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Ethiopia’s mega dam promises to be a big boost for energy deficient Horn of Africa
Following tests on a new power transmission line, Ethiopian Electric Power Corporation starts exporting energy to Kenya
According to Ethiopian Electric Power Corporation, the state-owned power company has started exporting electricity to neighboring Kenya following weeks of testing and readying a new transmission line.
The line, which took years to complete at a cost of $500 million, has the capacity to transmit 2,000 megawatts of electricity, potentially earning Ethiopia as much as $100 million annually when fully operational.
According to a report published on Bloomberg, citing Ethiopian Electric Power Corp, “The country has completed activities to ensure uninterrupted and reliable transmission of power and it is expected that similar activities will be implemented by the Kenyan side to provide dependable energy integration to a fast-growing East Africa.”
Given the possibilities, economic and infrastructure integration between the two countries is still in its infancy. More can be done to link power, roads, and ports in the Horn of Africa * and recent signs are promising. Kenya’s Safaricom, one of Africa’s biggest telecom and fin-tech companies, was recently given the greenlight to operate in Ethiopia, for a license fee of $850 million, making it the single largest foreign direct investment into Ethiopia. In years to come Safaricom will continue to invest in Ethiopia’s telecom infrastructure.
Recently, a boost has been added to Ethiopia’s power grid, thanks in large part of the Grand Ethiopian Renaissance Dam, a giant hydro-power dam on a Nile River tributary, which began generating electricity in early 2021, and with plans to increase power generation turbines in the coming years. This has been a cornerstone project for economic development but it has stirred tensions with downstream neighbors Egypt and Sudan, more so Egypt than Sudan.
The $5 billion dam, which is wholly financed domestically, is a national priority. It is expected to generate 5200 megawatts of electricity once completed in 2024. In the meantime, Ethiopia has signed power supply agreements with Kenya, Sudan, Djibouti, Somaliland, Tanzania, and South Sudan. According to Bloomberg’s report, The Horn of Africa nation earned $95.4 million from electricity exports last year with room to grow. Demand for electricity has grown massively, but now there is tangible reason to believe supply is coming.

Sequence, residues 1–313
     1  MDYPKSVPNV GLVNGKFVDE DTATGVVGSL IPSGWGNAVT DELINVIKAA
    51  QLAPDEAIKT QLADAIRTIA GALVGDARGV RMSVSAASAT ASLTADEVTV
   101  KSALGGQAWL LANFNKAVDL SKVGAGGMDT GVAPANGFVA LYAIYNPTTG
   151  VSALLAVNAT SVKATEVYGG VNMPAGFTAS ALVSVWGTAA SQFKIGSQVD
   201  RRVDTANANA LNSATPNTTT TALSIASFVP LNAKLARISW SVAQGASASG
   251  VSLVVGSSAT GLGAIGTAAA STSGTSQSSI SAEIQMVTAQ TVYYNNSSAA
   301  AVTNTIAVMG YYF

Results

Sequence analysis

Given the nation’s capacity for hydro power, this current level of power generation only scratches the surface. The electric grid also needs modernization and further expansion. Investment for such projects will be a key priority for a government with ambitious development plans.
Ethiopia’s economy has demonstrated resilience despite several shocks, including covid-19, global supply chain disruptions, inflation, and the conflict in the northern Tigray region of the country. According to the World Bank, the nation’s GDP grew by 5.6% in 2021. In the current year, the growth rate subsided to 4.8%. Still, forecasts for 2023 estimate growth rates of 6.5%.
Indeed, given past economic growth rates, this nation of 120 million people, with a median age of 19 years will have an insatiable appetite for energy. This will have implications for the environment. The current government has emphasized green development in electric generation, hydro and solar being the two main areas.
At the recent COP27 climate summit, Prime Minister Abiy Ahmed highlighted Ethiopia’s “ten-year development plan, anchored on building a climate resilient green economy as one of its key pillars”. Part of this is the Green Legacy, a campaign of nationwide afforestation, planting billions of trees every year since 2020. According to the Prime Minister, this will help to remove hundreds of millions of tons of Carbon dioxide equivalent from the atmosphere and reduce deforestation Combining this with green energy and technology is a key and striving goal.
As always, financing will be a challenge, particularly considering recent delays in IMF funding caused by U.S insistence that the government end its offensive against the Tigray People’s Liberation Front, a Marxist-Leninist party which ruled the country from 1991 to 2018, but now turned rebel group, after a falling out with the new government. The recently agreed peace deal signed, however fragile, gives hope to millions of people affected by the fighting.
To fully unlock Ethiopia’s clean energy potential, peace and stability must be maintained. U.S based energy companies can play a critical role, but they will face competition from Europe as well as China. For the first time, outside powers are seeing Africa’s potential for growth beyond the extractive industries. In East Africa, there are a handful countries which have shown significant GDP growth despite shortfalls in foreign direct investment. The region’s integration drive promises to be a boon for frontier market investors.